Ukraine's presidential election is the first step to solving its government's legitimacy problem
It has not been an easy start for Ukraine's new authorities, who have had to deal with annexation, armed insurgency, rescuing the national economy from the precipice and organising a presidential election no less. A baptism of fire by anyone's standards. The annexation of Crimea came when the new incumbents had barely sat at their desks. The violent provocations in the east and south of the country are unprecedented in Ukraine's 23 years of independence, whilst Russia has a 23 year track record of violence in the Caucasus and terrorism in its cities. Draw your own conclusions about where this outbreak of 'civil war' in Ukraine has in fact come from.
To add to that, the current authorities have absurdly and maliciously been labeled a 'junta' by pro-Moscow tweeters and bloggers scratching around for a smear term (the only true junta that has ever existed in Eastern Europe was the early 80s junta in Poland, which was backed by the USSR), part of a well worn tradition of concept stretching by Russia. Kiev is not a 'junta' any more than Greenpeace activists are 'pirates' or 'hooligans', or indeed gay rights campaigners 'propagandists'. Despite this however, it is true enough to say that the government since its traumatic beginnings has lacked true democratic legitimacy, and therefore Sunday's presidential elections are the crucial first step in solving a legitimacy problem with Ukraine's governance which in fact goes back to 2010.
When Viktor Yanukovych was elected President in early 2010, parliament was still under the mandate of the 'orange parties' of Prime Minister Tymoshenko and former President Yushchenko. What then followed was a spectacular capitulation of the whole constitutional order. The Constitutional Court, re-stuffed with judges loyal to Yanukovych, ruled that parliamentary deputies could now switch sides, the problem being that, with Ukraine's closed list electoral system, this is tantamount to your vote growing legs and walking away from you. The defectors were dubbed 'tushki', a term meaning animal corpse. The standard of parliamentarianism thereafter soon became abysmal, with 'piano playing' (deputies pressing the voting buttons of absent members), as in the Russian Duma, becoming standard practice, and even savage beatings meted out to Yanukovych opponents. Votes were sometimes registered for MPs who were not even in the country at the time. The 2012 parliamentary elections followed electoral reforms designed to favour the President's Party of Regions. The introduction of a proportion of constituency MPs favoured the ruling parties, and electoral commissions were staffed by personnel from these same ruling parties. Unlike the previous three national elections (two parliamentary, one presidential, the election was not judged internationally to have been free and fair.
Fast forward to February this year, and whilst the voice of the people was finally being heard, the speed with which MPs hurriedly switched sides again following Yanukovych's exit in February was, constitutionally speaking, little better than the 'tushki' of four years earlier. Just as in 2010 a 'winner takes all' mentality saw now vulnerable deputies scrambling to save their careers and positions. There was of course a huge difference however. The new authorities from the outset took power on the promise of elections. We must remember that if not for Euromaidan, Ukraine might now have been looking ahead to years or decades without such free elections, the situation which predominates in the countries of the Customs Union that Yanukovych would have taken them into, Belarus, Russia and Kazakhstan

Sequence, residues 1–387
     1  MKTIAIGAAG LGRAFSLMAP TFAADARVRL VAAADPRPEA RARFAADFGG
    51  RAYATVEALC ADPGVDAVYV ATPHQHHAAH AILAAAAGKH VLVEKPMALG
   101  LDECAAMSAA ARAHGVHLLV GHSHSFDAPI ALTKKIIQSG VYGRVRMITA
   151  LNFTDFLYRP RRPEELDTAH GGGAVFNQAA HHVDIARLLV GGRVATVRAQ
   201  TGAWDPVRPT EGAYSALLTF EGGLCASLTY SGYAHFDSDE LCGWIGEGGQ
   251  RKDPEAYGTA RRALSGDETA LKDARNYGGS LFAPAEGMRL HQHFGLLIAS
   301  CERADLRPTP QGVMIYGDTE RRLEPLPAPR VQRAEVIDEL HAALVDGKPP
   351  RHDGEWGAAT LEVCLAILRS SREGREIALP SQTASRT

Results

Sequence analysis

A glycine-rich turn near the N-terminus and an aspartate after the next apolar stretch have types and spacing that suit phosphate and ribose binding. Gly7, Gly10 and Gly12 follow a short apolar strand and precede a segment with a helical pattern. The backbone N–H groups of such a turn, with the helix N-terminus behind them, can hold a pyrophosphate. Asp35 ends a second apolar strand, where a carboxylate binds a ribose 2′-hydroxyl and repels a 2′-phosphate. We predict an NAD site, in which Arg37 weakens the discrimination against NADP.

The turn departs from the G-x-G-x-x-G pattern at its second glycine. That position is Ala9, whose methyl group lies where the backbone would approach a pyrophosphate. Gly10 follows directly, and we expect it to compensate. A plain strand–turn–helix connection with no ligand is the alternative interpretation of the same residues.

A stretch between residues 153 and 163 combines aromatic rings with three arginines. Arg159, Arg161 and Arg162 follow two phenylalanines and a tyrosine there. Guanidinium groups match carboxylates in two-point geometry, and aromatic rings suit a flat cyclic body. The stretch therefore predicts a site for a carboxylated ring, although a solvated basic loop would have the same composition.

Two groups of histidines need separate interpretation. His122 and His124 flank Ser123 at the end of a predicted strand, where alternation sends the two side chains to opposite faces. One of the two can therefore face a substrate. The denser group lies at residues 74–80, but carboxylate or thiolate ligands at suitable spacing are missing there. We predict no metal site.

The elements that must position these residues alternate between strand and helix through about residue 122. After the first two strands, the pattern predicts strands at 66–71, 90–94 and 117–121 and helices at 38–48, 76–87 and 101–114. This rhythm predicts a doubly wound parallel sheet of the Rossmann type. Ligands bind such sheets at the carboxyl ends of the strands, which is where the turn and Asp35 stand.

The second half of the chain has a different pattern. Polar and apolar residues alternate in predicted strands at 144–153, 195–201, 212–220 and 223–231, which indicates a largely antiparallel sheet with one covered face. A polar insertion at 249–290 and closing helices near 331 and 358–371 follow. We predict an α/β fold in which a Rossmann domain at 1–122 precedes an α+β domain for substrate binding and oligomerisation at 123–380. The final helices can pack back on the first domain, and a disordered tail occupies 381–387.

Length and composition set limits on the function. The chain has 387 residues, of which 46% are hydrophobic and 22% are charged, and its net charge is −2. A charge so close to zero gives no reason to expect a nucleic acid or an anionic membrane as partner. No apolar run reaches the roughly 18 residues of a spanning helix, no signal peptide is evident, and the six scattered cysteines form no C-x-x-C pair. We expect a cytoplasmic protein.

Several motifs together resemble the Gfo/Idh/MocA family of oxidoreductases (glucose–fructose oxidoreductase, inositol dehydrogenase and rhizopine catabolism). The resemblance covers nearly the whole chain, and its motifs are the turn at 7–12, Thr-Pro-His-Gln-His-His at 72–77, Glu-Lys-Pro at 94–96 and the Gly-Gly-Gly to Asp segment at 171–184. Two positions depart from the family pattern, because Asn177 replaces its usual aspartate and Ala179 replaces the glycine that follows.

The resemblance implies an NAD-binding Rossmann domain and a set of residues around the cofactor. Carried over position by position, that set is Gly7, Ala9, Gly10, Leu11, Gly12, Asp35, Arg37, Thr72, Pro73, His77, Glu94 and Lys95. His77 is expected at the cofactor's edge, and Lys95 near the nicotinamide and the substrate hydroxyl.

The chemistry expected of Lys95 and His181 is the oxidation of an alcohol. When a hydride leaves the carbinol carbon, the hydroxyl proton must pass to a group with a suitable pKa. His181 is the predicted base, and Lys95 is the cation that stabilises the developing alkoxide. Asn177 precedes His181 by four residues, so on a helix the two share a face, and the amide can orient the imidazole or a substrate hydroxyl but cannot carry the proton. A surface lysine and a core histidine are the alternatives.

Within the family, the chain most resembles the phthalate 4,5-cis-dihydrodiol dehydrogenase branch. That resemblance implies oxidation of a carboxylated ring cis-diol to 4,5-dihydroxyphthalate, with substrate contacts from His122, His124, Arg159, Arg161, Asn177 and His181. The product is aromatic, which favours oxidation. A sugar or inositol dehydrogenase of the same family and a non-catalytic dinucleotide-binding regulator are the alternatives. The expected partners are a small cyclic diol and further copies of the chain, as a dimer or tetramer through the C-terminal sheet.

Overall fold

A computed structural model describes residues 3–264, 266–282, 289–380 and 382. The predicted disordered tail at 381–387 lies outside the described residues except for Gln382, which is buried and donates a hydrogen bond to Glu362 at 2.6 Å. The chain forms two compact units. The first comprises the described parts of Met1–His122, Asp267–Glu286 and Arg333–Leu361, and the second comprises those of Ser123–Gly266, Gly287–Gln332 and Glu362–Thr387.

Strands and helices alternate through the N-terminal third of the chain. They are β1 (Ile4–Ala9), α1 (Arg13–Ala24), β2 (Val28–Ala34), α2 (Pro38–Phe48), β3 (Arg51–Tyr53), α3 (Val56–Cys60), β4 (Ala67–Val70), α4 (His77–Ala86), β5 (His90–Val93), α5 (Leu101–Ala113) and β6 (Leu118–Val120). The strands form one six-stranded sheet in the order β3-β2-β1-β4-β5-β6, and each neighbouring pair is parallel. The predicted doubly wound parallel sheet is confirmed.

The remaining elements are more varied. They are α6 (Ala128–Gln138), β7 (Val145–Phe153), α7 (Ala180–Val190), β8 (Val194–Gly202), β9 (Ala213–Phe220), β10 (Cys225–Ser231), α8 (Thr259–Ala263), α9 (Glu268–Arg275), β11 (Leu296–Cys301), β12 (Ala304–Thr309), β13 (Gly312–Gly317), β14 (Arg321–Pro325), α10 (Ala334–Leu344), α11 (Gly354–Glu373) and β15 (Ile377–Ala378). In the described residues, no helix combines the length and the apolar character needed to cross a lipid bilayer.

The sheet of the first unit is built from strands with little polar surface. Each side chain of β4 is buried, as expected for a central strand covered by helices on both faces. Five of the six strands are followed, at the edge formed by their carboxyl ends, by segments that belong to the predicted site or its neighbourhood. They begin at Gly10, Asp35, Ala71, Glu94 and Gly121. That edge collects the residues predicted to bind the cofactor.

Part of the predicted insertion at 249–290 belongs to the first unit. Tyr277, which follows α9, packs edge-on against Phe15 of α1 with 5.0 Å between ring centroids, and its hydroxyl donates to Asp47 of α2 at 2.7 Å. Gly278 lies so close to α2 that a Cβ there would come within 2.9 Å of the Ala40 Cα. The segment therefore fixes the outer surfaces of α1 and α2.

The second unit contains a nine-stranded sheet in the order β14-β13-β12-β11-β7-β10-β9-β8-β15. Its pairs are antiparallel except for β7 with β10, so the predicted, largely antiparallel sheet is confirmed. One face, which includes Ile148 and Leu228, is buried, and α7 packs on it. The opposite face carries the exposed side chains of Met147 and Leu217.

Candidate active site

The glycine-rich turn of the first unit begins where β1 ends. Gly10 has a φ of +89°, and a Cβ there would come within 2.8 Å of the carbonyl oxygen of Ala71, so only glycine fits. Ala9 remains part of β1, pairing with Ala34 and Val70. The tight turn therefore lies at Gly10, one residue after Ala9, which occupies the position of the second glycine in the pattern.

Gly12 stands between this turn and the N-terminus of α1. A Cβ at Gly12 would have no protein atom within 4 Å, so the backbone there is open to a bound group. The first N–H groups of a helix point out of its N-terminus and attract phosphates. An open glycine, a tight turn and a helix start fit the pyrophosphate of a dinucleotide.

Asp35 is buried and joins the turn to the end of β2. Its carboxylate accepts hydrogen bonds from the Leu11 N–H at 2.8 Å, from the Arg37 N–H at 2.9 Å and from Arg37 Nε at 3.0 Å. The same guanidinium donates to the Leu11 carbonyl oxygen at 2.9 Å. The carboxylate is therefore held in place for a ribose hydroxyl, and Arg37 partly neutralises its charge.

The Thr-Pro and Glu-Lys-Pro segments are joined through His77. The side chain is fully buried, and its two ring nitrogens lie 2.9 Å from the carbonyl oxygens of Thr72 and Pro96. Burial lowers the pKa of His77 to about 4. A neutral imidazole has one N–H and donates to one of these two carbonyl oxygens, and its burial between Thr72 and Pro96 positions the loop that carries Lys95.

What must follow these elections is constitutional reform that will guard against the monopolisation and abuse of power of the past several years. Ukraine should adopt a parliamentary system, the kind which has lead successful reforms in the likes of Poland or Czech Republic, and resist the urge to revert to the presidential model which has in contrast failed its citizens so miserably in the post-Soviet space. Ukraine must also figure out how it manages its multiculturalism without allowing the country to disintegrate. There is scope for delegating local language and schooling policy to muncipal level, as well as the dvisive issue of historical commemorations, but Ukraine lacks the political maturity for full blown federalism, so this should wait for now. Fears about Ukraine becoming a series of fiefdoms under that scenario are well founded.
It is also a sobering reality that they will have to face their challenges largely without the backing of the international community. Whilst the European Union has rightly put on the table a deal to allow Ukraine to access the internal market, there is plenty from member states to suggest that the EU's backing can't be relied upon, owing to the EU member states' deep ties to Russia. Whether it be German industry, French warships, Spanish ports or London's financial sector, there is little suggest that these countries will do very much to support the freedom of Ukrainians. Ukraine's road ahead looks a lonely one. The new President will need all the collective wisdom he can muster.
The presidential election must be followed as soon as possible by a parliamentary one. A proportion of constituency mandates must be maintained to represent occupied Crimea and the districts currently ravaged by the Russian-sponsored insurgency. The new parliament must adhere to new standards of parliamentarianism so that the abuses of the past four years cannot be repeated. If it does this, the legitimacy problem can finally be consigned to history.